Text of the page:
Indian Solar Manufacturers’ Association (ISMA) on Monday said it has withdrawn its petition for antidumping duty on solar cells and modules, covering the period of investigation till June 2017. The association added it will soon file a fresh petition with a more relevant and a recent period of investigation.
“The import trends since then (filing of the petition) have made the period of investigation irrelevant. Despite an ongoing investigation, the exports from China, Taiwan and Malaysia of cells and modules increased by 33 to 45 %, during the period from July 2017 to Dec 2017,” ISMA said in its statement.
The association added the massive increase in volumes was enabled by a significant price reduction to dump more material in India. The prices in the same period fell by about 25%. “This has resulted in an enhanced injury to the Domestic Industry which would not have been fairly addressed by the outcome of an investigation covering the period upto June 2017,” ISMA added.
ISMA remains confident it will soon approach the concerned authorities with a fresh petition “The objective is only to get a fair and just redressal of our grievance,” it said in its statement.
The association in its petition said that around 80 per cent of the solar cell and modules market had been cornered by imports. The petition filed for investigation till June 2017, was the association’s third such attempt to bar solar imports from flooding the Indian market.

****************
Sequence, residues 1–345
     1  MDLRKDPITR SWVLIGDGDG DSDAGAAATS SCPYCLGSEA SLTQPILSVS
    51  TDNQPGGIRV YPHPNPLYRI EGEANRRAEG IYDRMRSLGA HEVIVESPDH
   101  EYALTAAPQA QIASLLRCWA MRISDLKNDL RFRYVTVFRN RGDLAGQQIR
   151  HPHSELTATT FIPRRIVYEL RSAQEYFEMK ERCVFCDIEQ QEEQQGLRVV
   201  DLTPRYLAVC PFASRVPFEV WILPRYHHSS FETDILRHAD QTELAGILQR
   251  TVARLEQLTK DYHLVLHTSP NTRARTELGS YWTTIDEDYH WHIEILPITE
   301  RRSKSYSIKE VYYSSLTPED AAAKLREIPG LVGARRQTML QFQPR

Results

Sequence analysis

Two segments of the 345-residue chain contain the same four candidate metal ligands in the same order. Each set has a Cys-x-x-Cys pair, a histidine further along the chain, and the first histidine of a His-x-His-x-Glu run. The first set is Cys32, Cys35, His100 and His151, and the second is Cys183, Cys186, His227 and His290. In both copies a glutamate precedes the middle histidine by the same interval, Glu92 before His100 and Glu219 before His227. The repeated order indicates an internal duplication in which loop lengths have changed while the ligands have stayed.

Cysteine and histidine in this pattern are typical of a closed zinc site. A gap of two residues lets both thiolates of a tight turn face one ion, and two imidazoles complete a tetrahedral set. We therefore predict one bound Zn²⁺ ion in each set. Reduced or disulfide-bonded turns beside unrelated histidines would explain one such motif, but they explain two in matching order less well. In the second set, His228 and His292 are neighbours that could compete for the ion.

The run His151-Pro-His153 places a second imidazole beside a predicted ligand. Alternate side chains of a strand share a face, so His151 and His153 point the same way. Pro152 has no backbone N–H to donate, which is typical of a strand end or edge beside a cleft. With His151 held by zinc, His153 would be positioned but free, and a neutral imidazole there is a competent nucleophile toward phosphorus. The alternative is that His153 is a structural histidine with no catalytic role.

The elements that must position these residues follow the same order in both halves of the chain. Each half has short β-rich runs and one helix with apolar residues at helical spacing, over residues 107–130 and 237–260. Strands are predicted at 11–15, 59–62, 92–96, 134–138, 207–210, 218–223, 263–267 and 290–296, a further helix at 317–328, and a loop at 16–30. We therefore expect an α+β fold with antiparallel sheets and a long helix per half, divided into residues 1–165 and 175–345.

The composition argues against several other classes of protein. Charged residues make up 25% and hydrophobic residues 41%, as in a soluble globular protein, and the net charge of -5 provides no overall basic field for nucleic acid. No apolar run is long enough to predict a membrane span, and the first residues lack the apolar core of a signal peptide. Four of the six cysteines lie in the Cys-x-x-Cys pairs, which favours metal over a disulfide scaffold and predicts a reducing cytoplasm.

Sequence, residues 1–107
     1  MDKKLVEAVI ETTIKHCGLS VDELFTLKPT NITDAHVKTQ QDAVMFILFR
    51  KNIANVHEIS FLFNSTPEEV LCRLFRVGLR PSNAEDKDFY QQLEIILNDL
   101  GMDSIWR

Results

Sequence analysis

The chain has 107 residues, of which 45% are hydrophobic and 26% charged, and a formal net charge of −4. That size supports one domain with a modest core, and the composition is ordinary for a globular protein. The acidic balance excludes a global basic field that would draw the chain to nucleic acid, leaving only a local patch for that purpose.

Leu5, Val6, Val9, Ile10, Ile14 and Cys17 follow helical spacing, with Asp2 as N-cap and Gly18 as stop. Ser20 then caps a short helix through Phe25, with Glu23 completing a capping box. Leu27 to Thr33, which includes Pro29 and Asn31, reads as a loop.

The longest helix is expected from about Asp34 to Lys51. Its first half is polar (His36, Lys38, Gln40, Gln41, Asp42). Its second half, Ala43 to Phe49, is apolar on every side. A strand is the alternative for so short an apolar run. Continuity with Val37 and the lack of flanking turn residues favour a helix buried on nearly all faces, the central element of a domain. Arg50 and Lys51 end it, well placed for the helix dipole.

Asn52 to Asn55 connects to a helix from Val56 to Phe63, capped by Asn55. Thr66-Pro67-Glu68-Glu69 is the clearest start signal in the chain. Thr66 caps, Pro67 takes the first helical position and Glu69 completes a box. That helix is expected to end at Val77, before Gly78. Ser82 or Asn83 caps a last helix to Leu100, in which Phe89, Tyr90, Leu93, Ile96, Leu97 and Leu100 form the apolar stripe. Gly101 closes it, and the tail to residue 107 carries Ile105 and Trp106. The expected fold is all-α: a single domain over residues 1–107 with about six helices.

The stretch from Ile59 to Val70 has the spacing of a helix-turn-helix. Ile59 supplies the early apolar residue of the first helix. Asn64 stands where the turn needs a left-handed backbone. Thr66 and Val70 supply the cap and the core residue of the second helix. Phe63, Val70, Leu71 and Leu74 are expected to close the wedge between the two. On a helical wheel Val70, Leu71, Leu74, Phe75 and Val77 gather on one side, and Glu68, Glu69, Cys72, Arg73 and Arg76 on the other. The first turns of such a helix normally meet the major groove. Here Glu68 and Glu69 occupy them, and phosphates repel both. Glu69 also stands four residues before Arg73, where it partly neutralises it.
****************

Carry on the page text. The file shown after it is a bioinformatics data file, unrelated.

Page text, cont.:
The first case was filed in 2012 against the US, European Union, China, Malaysia and Taiwan. The case ran for two years saw solar cell makers, allied electronics industry and even glass makers asking for protection against the import of solar panels. While DGAD finalised duties from $0.48 per unit to $0.81 per unit on solar cells imported from the above mentioned countries, the ministry of finance did not impose the same and let the duty lapse in May 2016. In 2014, the makers filed a complaint with Directorate General of Anti-Dumping (DGAD) under the ministry of commerce and Directorate General of Safeguards (DGS) under the ministry of finance.
The ministry of commerce in 2014 identified a dumping margin range of 50-60 per cent from the US and around 100-110 per cent by China, the largest exporter of solar cells worldwide. But the very next year the then minister for new and renewable energy Piyush Goyal assured the domestic industry of enough business opportunity requesting them to drop the case.